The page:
The way Americans spend their time tends to drive their expending behavior. Either they may spend time working or spend time having fun. The latest release of the American Use Time Survey 2014 (ATUS) run by the U.S. Bureau of Labor Statistics (BLS) started to give more consistent data about changes on how Americans make use of their time. In its latest version which pertain 2014 data, the ATUS shows that Working and Work-Related are among the activities that had gone down since the Great Recession started. Nonetheless and although average of working hours levels are still below pre-Great Recession average, the Survey shows that those activities are rebounding at a good pace, which is consistent with data on labor market.


How do  Americans make use of their time?

ATUS data reveal that Leisure and Sport Activities have gone up, as well as Personal Care and Other Activities. The first year in which the BLS collected data for that survey, Americans spent in average 5.11 hours per day in Leisure and Sports related activities. After eleven years and one economic recession, Americans spend in average 5.30 hours per day doing the same things. Personal Care related activities where at an average of 9.34 hours per day before the Great Recession. However, since the beginning of the Great Recession, Americans spend in average almost half an hour more.


Time dedicated to Purchasing Goods and Services has also declined slightly. In average, Americans spend 44 minutes hours per day doing shopping, whereas in 2003 they spent roughly 48 minutes per day.


Interpreting these data happens to be a double edge sword.

Given that Average and Means are measures that get highly affected by outliers, analysts and readers must have caution while making inferences about these statistics. Furthermore, the perspective from where analysts operate tends to yield different conclusions. The first set of conclusions can be derived from the perspective of those that aim at interpreting the population as made up of Leisure-maximizing agents, whereas the second set of conclusion can be derived from the perspective of those who attempt to interpret the society as comprising of Income-maximizing agents. Therefore, some analysts may infer from these data that more time spent in Leisure activities might have a positive impact in quality life, personal health, and happiness. On the other hand, analysts could also conclude that Income could have been affected negatively and that population has become lazier.


Generalizing will always be risky:

As the reader may have notice, these data work out even for bolstering political and ideological statements. In spite of its ambiguity, ATUS data can be used for identifying major economic trends, and at the same time for depicting a bigger picture of the American culture, habits and, indeed, about the “American life”. Generalizing will always be risky, but when analysts clearly identify the boundaries of the data, and readers understand the limits of the sources, honest conclusion can be drawn from these rather obscure data.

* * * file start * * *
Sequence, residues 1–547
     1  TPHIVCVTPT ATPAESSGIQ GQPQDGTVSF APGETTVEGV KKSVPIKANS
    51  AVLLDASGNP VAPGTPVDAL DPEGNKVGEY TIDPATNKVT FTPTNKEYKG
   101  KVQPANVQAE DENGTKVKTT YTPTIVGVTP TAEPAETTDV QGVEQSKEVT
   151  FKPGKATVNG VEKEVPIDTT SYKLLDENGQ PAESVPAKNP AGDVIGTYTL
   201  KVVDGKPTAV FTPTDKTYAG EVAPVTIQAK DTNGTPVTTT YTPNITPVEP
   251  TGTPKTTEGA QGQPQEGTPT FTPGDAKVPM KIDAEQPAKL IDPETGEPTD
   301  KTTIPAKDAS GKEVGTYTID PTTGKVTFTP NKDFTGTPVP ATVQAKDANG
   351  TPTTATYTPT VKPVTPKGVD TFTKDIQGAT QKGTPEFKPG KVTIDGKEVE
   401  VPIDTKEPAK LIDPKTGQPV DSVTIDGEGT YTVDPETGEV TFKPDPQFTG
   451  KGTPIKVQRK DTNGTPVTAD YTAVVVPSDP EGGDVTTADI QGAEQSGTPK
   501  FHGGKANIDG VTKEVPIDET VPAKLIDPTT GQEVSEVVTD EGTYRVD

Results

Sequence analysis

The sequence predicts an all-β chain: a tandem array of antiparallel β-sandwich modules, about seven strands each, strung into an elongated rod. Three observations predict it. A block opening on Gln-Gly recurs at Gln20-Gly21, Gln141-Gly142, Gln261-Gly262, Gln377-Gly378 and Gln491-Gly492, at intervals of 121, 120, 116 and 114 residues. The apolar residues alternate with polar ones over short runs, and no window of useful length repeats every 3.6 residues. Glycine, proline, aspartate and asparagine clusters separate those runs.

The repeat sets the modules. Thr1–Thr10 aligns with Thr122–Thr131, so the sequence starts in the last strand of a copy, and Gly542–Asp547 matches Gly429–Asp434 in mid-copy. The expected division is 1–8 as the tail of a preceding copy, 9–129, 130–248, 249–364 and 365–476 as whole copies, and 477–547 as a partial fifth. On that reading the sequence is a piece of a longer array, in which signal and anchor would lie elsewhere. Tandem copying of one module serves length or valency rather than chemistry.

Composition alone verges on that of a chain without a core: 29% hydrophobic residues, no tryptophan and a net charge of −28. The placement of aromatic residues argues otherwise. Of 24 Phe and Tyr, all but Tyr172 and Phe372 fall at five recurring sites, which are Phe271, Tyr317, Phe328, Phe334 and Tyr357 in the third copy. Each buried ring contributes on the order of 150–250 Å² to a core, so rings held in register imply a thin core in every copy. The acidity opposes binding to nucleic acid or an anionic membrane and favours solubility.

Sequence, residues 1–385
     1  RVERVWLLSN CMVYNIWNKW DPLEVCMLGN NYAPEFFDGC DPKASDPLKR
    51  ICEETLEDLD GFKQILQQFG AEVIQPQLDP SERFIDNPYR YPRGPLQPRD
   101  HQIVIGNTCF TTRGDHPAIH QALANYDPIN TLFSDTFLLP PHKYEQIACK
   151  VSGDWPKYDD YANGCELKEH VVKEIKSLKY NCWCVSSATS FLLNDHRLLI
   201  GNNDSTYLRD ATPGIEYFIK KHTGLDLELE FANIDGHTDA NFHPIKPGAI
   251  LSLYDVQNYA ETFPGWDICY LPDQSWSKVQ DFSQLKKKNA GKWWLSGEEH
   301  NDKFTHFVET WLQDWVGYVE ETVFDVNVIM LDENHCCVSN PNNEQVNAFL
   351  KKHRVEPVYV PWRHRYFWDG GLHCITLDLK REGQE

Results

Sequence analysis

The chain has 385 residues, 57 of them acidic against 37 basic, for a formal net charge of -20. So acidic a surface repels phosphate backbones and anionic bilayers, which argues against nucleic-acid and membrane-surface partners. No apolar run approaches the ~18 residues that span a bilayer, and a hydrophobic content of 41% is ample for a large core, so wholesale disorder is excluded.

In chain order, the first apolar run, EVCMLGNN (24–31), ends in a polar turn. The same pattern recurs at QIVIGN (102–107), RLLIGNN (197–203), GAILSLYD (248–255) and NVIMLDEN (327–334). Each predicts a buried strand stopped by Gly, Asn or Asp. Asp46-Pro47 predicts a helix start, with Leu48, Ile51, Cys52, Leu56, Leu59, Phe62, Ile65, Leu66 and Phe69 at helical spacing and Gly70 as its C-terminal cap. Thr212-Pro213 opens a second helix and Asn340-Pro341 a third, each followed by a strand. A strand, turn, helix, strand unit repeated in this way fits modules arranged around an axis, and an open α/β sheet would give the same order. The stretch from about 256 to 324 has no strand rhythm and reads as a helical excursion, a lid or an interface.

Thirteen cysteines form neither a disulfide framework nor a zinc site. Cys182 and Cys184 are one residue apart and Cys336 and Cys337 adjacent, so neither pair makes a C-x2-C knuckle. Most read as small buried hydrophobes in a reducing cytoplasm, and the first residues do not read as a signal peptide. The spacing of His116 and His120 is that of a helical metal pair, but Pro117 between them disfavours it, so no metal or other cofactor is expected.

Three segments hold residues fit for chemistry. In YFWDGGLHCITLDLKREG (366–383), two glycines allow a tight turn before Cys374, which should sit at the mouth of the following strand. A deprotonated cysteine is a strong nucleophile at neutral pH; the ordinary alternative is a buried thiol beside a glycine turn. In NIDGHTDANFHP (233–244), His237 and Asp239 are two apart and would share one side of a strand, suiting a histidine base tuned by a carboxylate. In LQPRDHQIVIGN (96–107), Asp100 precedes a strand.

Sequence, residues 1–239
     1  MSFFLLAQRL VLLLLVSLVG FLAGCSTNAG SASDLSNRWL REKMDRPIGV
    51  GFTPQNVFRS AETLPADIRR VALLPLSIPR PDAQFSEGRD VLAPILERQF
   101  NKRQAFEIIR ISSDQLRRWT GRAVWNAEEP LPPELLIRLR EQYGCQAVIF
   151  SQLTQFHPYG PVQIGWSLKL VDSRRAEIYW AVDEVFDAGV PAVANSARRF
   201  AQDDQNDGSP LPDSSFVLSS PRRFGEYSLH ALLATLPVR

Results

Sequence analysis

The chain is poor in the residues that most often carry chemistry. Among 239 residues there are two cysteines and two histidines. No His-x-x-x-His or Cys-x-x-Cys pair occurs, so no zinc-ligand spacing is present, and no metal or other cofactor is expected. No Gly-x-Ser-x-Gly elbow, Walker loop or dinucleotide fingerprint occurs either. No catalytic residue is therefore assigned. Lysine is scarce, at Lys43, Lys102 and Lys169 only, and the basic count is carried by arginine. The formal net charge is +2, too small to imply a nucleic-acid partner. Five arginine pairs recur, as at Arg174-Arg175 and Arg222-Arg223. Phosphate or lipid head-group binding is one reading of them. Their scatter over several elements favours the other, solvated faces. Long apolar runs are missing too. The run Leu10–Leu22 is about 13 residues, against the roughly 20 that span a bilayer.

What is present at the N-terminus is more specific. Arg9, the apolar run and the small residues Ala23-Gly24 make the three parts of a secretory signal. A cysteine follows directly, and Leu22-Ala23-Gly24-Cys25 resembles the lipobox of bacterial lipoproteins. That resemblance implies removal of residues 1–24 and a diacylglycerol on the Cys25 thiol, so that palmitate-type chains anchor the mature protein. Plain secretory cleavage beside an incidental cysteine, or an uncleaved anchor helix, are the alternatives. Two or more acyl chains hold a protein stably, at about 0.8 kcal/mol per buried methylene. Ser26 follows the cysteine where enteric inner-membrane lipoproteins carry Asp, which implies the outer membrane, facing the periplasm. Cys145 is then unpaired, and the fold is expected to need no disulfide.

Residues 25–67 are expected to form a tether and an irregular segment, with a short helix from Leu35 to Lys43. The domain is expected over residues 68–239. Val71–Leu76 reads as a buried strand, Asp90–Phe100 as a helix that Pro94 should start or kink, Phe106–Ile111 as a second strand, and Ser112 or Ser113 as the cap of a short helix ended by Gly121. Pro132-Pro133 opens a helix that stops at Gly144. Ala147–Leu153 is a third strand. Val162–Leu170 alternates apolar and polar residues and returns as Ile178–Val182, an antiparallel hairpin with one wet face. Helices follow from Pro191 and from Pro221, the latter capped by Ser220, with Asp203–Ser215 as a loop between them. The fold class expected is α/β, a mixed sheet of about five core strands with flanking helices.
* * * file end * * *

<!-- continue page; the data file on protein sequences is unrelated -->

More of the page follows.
Manufacturing industries hurry up toward Advanced Manufacturing.

By Catherine De Las Salas

By Catherine De Las Salas

Any time Economists learn facts about manufacturing industries, they conclude that the sector is contracting either at slower or faster pace. In fact, Economists focus too much on the speed of a long trend of economic specialization shared by developed countries. However, the news about manufacturing stem not from the speed of its own decline. Indeed, the focus on manufacturing should be on how fast or slow the sector transitions towards advanced manufacturing industries. Qualitative data released on June 25th 2015 give a hint on what to look at when surveying manufacturing companies. The following two statements unfold an important phase within manufacturing at which economist should be paying attention to:

  1. “Technology continues to improve our efficiency on the shop floor, equipment and machinery.” (Source).
  2. “We are turning to greater automation because of price pressures. 3D printers are becoming more powerful and less expensive. We will increase our use of that technology for our prototyping efforts.” (Source).

Those two comments were included in the Federal Reserve Bank of Kansas monthly survey on manufacturing released on June 25th 2015. These comments unveiled evidence about the “medium term” changes within the sector. Manufacturing industries hurry up toward improvements that allow them to compete efficiently against cheap labor overseas. Improvements in technology, new materials and new processes might be at the core of the sector’s concerns.

As the survey stands currently, it looks comprehensibly at production levels by measuring volume of shipments, volume of orders, and volume of inventories. The survey also works out well for unveiling employment levels by tracking the number of employees in factories as well as the average employee workweek. Insights on raw material prices and capital investments are detailed in every version of the survey. All of that measurement system is excellent and analytically useful. However, the indexes track no information about innovation of processes nor innovation of products within the sector. Perhaps, patents equipment replacement and investment in research and development may help economist understand not only the economic contraction of the sector, but also an eventual transition toward a stage of “advanced manufacturing”.